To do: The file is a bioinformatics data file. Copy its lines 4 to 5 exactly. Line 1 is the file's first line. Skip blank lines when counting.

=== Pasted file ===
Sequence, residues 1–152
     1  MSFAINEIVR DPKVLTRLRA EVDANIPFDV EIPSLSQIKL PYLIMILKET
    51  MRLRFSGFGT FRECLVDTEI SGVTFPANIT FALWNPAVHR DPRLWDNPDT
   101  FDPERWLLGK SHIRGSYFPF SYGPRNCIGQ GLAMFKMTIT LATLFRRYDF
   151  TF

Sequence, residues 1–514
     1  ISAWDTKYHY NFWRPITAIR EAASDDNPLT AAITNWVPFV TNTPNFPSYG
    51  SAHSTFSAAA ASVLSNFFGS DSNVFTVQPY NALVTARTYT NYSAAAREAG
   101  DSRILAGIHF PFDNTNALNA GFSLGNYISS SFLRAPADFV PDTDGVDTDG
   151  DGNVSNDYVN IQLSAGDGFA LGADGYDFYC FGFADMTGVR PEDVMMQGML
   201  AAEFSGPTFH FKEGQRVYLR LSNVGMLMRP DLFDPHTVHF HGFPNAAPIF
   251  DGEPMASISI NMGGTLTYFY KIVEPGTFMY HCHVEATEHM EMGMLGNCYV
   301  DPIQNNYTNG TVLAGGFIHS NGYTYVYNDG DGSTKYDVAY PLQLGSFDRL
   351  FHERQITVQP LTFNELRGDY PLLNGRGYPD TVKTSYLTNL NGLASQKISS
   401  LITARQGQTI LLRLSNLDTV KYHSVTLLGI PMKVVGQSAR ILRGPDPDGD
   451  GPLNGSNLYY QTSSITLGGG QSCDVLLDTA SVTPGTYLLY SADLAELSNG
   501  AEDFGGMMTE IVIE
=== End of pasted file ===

   101  FDPERWLLGK SHIRGSYFPF SYGPRNCIGQ GLAMFKMTIT LATLFRRYDF
   151  TF